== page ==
First off - you need to decide your spec.
“Close to IP68” isn’t a spec. IP67 is most common for tools that are designed to be rugged, but not used underwater. IP68 is typically reserved for things like underwater cameras, things that must not only be water proof, but waterproof over a longer duration of time and at greater depths where the external pressure is much higher. (IP67 is only waterproof to 1 meter for 30 min, 68 means you can specify waterproof up to 30 meters, etc)
Since you described this as a construction tool, unless it is being used by underwater divers than IP67 is more than adequate for rain/puddles/buckets of liquid.
Without this turning into a full engineering tutorials, most products do one of the following:
-Seal the enclosure permanently with welding/goop (like Ray mentioned above) - obviously this is more risky because it prevents any rework at the manufacturing level, and the housing would need to be destroyed to disassemble the device. This is usually only done on electronics that are meant to be tossed at the end of their useful life or small subcomponents.
-Leave the enclosure mostly unsealed, but protect your electronics - this can be done depending on the design of the actual product. Sometimes it’s OK for the product to get water inside of it, as long as your sensitive parts are properly protected with a smaller sub enclosure. You can also hydrophobically coat sensitive parts to protect them. In a construction environment however, you probably have a lot of dust and particles to protect against
-Build a compression seal between your two housings and any openings of the product - this takes your standard O ring design and modifies it to fit your product. A soft rubber/silicone/elastomer will be squished between your two housings and compressed by the force of the screws that hold your product together. This requires the most engineering because obviously with a complex ID you will need to make sure that your screw bosses are consistent enough to apply a proper amount of force (but not to look ugly as shit) to compress the seal. You will also need to make sure the seal is easy to assemble - some products have very complex seals that slight misalignments during assembly can cause the seal to flop over, twist, and then not properly seal. This means that even though some of your products will be IP67, others will fail sealing tests in the field.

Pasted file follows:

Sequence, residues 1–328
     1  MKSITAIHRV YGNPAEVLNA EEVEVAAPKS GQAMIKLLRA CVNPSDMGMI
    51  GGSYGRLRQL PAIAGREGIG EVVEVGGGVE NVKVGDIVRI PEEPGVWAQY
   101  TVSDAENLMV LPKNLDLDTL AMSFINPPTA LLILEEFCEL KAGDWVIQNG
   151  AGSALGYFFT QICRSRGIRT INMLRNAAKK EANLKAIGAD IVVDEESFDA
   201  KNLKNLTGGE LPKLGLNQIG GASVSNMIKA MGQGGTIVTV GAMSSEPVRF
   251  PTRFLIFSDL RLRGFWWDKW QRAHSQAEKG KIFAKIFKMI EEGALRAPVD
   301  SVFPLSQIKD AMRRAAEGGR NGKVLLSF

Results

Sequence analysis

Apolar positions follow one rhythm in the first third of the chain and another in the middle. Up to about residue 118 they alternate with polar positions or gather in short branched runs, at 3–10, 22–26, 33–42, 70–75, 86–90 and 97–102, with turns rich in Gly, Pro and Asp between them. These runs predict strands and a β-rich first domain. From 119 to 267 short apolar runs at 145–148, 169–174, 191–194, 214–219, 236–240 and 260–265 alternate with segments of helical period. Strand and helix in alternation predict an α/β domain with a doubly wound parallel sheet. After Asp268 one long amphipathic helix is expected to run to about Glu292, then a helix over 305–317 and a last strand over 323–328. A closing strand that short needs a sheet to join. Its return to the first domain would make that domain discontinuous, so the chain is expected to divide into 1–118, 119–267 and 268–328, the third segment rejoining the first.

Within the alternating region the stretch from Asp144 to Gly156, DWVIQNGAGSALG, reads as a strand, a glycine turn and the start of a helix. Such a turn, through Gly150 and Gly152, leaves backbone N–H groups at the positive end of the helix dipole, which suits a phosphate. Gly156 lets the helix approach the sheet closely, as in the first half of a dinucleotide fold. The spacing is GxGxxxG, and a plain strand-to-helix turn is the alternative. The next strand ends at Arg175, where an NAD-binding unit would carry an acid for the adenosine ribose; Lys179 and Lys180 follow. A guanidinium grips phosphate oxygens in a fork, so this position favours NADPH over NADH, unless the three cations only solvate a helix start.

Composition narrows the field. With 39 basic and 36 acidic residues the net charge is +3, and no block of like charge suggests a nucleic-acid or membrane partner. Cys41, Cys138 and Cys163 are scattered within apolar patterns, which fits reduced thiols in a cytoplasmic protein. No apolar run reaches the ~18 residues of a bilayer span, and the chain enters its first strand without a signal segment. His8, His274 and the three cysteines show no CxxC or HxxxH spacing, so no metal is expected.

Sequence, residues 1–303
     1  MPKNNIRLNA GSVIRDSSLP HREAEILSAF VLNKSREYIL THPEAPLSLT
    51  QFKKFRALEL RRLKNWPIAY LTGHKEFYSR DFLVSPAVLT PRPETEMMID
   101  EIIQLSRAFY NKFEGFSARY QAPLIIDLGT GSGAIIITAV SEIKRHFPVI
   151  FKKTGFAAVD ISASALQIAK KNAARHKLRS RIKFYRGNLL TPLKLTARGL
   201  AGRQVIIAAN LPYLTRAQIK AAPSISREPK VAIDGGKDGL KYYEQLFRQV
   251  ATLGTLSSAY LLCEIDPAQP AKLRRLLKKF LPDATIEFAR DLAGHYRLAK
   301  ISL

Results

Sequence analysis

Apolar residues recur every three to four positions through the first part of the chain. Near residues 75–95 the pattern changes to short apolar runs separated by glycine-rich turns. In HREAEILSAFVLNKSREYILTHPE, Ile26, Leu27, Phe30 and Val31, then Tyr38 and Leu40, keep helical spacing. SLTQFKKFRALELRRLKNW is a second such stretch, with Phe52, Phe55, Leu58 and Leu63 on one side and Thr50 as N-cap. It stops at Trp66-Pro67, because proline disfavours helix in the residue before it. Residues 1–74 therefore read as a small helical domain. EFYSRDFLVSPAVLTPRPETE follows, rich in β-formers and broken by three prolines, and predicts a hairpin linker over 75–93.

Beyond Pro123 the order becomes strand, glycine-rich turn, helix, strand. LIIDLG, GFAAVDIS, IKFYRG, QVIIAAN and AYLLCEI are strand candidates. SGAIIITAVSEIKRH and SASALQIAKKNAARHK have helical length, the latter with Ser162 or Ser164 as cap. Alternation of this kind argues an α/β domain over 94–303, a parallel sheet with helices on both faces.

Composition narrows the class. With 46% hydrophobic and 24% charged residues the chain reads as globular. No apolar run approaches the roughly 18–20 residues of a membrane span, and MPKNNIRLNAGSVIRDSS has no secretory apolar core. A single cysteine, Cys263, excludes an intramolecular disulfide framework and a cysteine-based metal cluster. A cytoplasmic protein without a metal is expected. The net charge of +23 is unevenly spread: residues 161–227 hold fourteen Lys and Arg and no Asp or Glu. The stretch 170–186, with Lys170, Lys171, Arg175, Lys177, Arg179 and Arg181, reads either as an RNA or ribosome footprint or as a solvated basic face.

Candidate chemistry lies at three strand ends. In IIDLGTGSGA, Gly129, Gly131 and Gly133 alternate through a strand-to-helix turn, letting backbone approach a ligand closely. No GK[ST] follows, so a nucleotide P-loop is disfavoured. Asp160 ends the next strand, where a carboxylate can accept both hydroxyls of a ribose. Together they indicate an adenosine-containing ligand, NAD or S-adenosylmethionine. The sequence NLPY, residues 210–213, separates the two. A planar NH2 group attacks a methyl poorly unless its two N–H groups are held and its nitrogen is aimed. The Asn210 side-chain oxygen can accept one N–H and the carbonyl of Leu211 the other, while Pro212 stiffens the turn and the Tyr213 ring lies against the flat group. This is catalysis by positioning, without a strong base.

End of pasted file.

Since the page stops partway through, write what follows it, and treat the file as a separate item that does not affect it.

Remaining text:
Anything you seal with a compression seal will require you to also seal any openings. Take a look at some of the earlier Samsung phones and you can see the very tiny seals that were used to seal the battery door, USB ports, etc. Those seals are not terribly robust, especially in a construction space where dirt on the seal will create openings for water to enter the device.
I’ve done a number of products where the seal material itself is over molded on to one of the housings using elastomer and eliminates the need for the O ring (and additional space it drives for the channel and wall thickness on each side).
You can see some of the seal designs on this image - the outer material of the top cap was TPE (though due to quality issues we had to add a third softer durometer material to improve the sealing consistency) and had foam gaskets and poron seals around the openings for things like the speaker and receiver. This was not a flawless design by any means - it took a great deal of energy and rework to get the rubber durometers correct and the multi angled seal on the keypad was a nightmare since it often shifted during assembly.
If you can get away with a flat, and consistently compressed seal your life will certainly be the easiest. But cell phone companies have taught us that there is a lot of clever engineering that can be done to seal a device that doesn’t require a 5mm thick wall section to achieve.